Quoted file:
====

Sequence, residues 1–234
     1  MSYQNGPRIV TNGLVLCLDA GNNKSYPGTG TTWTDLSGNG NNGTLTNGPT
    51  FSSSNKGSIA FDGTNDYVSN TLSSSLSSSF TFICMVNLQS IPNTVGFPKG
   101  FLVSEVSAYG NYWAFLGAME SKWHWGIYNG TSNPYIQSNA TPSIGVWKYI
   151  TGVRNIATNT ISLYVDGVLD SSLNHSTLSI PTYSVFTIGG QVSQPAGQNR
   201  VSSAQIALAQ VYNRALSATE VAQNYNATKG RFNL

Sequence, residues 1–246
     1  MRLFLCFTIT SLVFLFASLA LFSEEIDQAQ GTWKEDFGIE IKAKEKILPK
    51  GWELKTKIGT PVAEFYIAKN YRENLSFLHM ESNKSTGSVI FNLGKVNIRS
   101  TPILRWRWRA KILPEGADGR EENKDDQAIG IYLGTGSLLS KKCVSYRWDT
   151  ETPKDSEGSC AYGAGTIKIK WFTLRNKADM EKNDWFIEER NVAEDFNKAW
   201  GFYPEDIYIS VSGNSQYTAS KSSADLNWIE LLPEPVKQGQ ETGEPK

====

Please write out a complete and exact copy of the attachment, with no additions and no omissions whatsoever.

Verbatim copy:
Sequence, residues 1–234
     1  MSYQNGPRIV TNGLVLCLDA GNNKSYPGTG TTWTDLSGNG NNGTLTNGPT
    51  FSSSNKGSIA FDGTNDYVSN TLSSSLSSSF TFICMVNLQS IPNTVGFPKG
   101  FLVSEVSAYG NYWAFLGAME SKWHWGIYNG TSNPYIQSNA TPSIGVWKYI
   151  TGVRNIATNT ISLYVDGVLD SSLNHSTLSI PTYSVFTIGG QVSQPAGQNR
   201  VSSAQIALAQ VYNRALSATE VAQNYNATKG RFNL

Sequence, residues 1–246
     1  MRLFLCFTIT SLVFLFASLA LFSEEIDQAQ GTWKEDFGIE IKAKEKILPK
    51  GWELKTKIGT PVAEFYIAKN YRENLSFLHM ESNKSTGSVI FNLGKVNIRS
   101  TPILRWRWRA KILPEGADGR EENKDDQAIG IYLGTGSLLS KKCVSYRWDT
   151  ETPKDSEGSC AYGAGTIKIK WFTLRNKADM EKNDWFIEER NVAEDFNKAW
   201  GFYPEDIYIS VSGNSQYTAS KSSADLNWIE LLPEPVKQGQ ETGEPK